The facts show that “mainline” is no longer the mainline. It’s in the minority now, and Joseph Driskill in his study of “Mainline Protestant Spirituality” in Four Views on Christian Spirituality says mainline only represents 9% of the religious marketplace. For Driskill, spirituality is about “the lived experience of faith, the communities that shape the experience, the practices that sustain it, and the moral life that embodies it” (115). If Orthodox spirituality is shaped by liturgy and sacrament, and Catholic spirituality more ecclesially (familial, etc), mainline spirituality reshapes the whole — and it is important to understand this reframing in order to understand what each of us sees as central to spirituality.
How do you see mainline/progressive spirituality? How does it differ from Orthodoxy, Catholicsm, etc?
So, Driskill takes us on an adventure:
1. Mainline spirituality is about a commitment to a shared witness and mission through ecumenical cooperation. Thus, the ecumenical movement toward unity, even if it has not happened theologically, inspires mainline spirituality.
2. Mainline spirituality follows the path of the American intellectual life of university education because of its value of scholarship. Driskill points to science and faith, psychology and faith, as well as to historical studies and science, including a critical approach to the Bible. If it has been shaped by a variety of critical approaches, mainliners believe God still speaks through Scripture.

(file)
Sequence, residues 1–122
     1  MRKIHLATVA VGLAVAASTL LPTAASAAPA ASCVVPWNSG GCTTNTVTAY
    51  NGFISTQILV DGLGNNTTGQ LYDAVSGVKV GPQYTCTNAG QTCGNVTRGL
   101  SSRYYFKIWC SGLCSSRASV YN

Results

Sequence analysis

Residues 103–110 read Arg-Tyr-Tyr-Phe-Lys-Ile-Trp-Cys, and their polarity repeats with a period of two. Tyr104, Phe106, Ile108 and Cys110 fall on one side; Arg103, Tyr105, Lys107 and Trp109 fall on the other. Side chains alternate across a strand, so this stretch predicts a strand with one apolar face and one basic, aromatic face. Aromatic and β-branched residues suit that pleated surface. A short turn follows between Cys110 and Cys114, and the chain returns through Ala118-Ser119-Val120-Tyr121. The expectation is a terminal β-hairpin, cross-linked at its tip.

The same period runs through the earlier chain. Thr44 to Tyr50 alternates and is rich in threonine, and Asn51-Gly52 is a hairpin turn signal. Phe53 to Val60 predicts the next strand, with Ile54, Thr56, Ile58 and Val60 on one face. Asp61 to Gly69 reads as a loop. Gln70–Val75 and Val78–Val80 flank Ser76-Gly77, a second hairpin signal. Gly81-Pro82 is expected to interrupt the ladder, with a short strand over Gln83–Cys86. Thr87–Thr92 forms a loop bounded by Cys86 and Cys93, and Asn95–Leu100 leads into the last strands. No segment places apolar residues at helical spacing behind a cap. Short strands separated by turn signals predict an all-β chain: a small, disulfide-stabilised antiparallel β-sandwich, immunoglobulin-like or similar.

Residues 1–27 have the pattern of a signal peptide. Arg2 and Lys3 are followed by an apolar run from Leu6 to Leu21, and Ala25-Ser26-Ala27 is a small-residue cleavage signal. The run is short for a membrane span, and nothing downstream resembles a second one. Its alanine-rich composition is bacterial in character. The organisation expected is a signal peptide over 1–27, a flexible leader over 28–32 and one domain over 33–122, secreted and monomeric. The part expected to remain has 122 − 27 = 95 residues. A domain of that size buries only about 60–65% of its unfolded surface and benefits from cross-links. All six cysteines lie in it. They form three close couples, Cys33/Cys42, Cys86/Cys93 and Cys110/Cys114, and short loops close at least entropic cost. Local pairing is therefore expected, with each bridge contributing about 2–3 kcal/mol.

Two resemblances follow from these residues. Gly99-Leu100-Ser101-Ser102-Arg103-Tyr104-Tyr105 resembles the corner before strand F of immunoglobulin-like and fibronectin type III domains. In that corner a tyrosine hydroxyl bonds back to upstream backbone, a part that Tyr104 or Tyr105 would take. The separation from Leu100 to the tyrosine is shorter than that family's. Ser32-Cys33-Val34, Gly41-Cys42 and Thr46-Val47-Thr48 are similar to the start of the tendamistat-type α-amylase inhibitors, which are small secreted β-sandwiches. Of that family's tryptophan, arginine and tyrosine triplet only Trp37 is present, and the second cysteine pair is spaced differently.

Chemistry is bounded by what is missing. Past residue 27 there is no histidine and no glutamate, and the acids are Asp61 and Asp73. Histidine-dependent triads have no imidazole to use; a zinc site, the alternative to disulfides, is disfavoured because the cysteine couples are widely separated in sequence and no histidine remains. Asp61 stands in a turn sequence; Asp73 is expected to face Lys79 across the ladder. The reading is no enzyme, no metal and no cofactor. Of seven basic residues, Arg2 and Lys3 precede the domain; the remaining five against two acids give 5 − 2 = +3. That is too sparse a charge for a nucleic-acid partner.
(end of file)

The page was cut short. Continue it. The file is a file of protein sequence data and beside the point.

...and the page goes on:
3. Karl Barth and Paul Tillich led mainline spirituality to a God “out there” to a God of relationship, to an immanent God within reality. Hence, a more panentheistic view of God.
4. Who then is Jesus? Miracles receded among mainliners and Jesus is more connected to compassion and justice. Love, forgiveness. An inspired leader. His “divinity” is about his faithfulness to God. “The resurrection is treasured as God’s vindication of Jesus’ earthly life and the powerful capacity of love to overcome death” (124). Thus, many progressives see the resurrection for its symbolic power, not its historicity. He appeals to Marc Borg on Spirit — and sees Jesus as one mediator of the divine. Jesus becomes a way to God but not the only way.
5. Social justice. Rauschenbusch. Sheldon. Thus, Micah 6:6-8 and Matthew 25:31-46 are prominent. And a much greater advocacy for women in ministry.
6. Religious authority. There’s a deep mistrust of authority structures and prefer the priesthood of all believers. Personal sin is not valued as much as systemic sins.
7. There has been a return to spiritual disciplines among the mainline. Habits that generate character transformation.
8. He sees hope in spiritual disciplines, compassion and justice actions, dialogue and aesthetics.
The responses to Driskill by Nassif and Howard are too kind; the response by Scott Hahn is closer to what I would have said. There is a reason why the mainline/progressive/liberal churches are declining, and Driskill begins his essay on that note, and what we find in this essay is one reason why. There’s no gospel here.